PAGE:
Photo by Norm Shafer

Ana Garcia Chichester ’76 was 16 when her family moved from Cuba to the United States. She didn’t know a word of English. ESL classes helped, but when she enrolled with her sister, Isabel Garcia ’76, at James Monroe High School in Fredericksburg, she was far from fluent.

“It was either sink or swim,” Chichester said. “It was tough, but people helped us.”

Now the Spanish professor, who has been on the UMW faculty for two decades, is so comfortable with both languages she sometimes starts a sentence with one and finishes with the other. Her linguistic abilities reach beyond the foreign language department, translating into benefits for the community, where she volunteers extensively. As director of UMW’s Bachelor of Liberal Studies program, Chichester helps adult learners reach their academic goals. But perhaps her greatest gift to others is one she also gave herself – the ability to speak a second language.

“I think I had an early calling to teach,” Chichester said. “I’m high when I come out of the classroom. I just love it.”

Chichester majored in Spanish and French at Mary Washington, where Carmen Rivera, UMW professor emerita of modern foreign languages, sparked her passion for prose. Chichester earned a master’s degree in Latin American literature from the University of North Carolina and a doctorate in Spanish from the University of Virginia, where she worked briefly as an instructor. She also held an adjunct position at Mary Washington before landing a tenure-track appointment in 1992.

Colorful Cuban artwork, a map of the Caribbean island nation, and Mexican throws make Chichester’s office feel like home. There, the associate dean of the College of Arts and Sciences said she was ecstatic to visit her native Cuba as a guide with the UMW President’s Travel Club.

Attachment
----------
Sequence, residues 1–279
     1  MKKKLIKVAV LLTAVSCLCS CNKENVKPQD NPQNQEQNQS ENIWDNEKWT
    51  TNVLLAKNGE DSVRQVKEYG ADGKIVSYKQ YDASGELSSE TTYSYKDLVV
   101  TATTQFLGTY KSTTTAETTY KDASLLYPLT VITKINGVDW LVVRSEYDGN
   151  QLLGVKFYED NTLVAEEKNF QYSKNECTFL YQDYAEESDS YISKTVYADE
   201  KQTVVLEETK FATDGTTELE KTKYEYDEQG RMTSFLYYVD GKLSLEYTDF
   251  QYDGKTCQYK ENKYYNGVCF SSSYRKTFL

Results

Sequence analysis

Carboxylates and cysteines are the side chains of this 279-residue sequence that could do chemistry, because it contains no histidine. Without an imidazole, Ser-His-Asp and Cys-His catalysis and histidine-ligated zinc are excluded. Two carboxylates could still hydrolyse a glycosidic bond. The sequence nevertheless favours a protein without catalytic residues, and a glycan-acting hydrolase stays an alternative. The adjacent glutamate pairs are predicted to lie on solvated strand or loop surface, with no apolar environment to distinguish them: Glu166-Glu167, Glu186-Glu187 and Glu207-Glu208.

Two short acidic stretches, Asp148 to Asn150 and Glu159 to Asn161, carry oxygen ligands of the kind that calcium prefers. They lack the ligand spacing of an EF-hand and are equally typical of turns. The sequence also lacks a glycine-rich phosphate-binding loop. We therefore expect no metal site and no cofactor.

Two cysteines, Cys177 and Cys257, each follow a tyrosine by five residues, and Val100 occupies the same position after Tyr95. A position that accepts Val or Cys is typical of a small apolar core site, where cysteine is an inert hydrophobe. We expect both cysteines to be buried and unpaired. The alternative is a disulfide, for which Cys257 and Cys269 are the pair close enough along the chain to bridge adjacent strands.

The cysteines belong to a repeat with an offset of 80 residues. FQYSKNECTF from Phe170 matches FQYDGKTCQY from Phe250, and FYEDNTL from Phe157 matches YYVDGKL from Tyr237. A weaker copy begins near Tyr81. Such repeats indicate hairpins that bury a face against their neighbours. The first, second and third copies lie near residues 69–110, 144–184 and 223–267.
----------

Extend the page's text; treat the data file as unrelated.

She’d like to return again someday with her adult sons, Philip, John, and Daniel – the loves of her life and the secret to the depth of her devotion to community. As her boys began to leave home, one by one, Chichester said, she staved off loneliness by flinging herself into public service.

“It’s also a good way for me to have a pulse in the community and know what the needs are,” Chichester said. Her volunteer efforts include the Rappahannock Area United Way and the Community Foundation of the Rappahannock River Region.

During downtime, she enjoys her Stafford County home on a sprawling cattle farm that bustles with wildlife. Its peace has grounded the dizzying pace of the past 20 years, through which she’s watched Mary Washington’s foreign language department blossom. But at least one thing hasn’t changed, Chichester said.

“If I’m here, my door is always open.”

What do you love most about UMW? The students. No question about it.

What would you change about UMW? One of the things I’m really passionate about is having more international students on campus, especially from developing areas of the world, like Africa and Latin America.

How would you describe yourself? I think I’m approachable and fair. I’m passionate about the things I do, about my discipline, and about where I live. That’s part of the reason I stay so involved.

What motivates you? Seeing students succeed. Also, when you’re an immigrant, there’s a kind of impetus to work hard and strive for more.

What inspires you? My family and my parents, who sacrificed a lot when we left Cuba.

What matters most to you? Whatever is going on in the lives of my kids, even at their [adult] ages.

What are you passionate about? All issues related to Cuba and Cuban-American relations. Whenever I have a chance, I go to D.C. to lobby Congress; I’ve kind of appointed myself as a different Cuban-American voice.

What do you enjoy doing? Getting up early and seeing the wildlife on the farm. I look forward to springtime, even though I have an acre of grass to mow.

What are you afraid of? One of my dreams is to be able to go to Cuba and have some sort of easy relationship with my place of origin; I’m afraid that won’t be in my lifetime.

What keeps you awake at night? Issues at work or with students. I’m not a great sleeper, so a lot of things keep me up.

What one thing would people be surprised to learn about you? A lot of people are surprised by the fact that I live on a farm. I don’t look rural.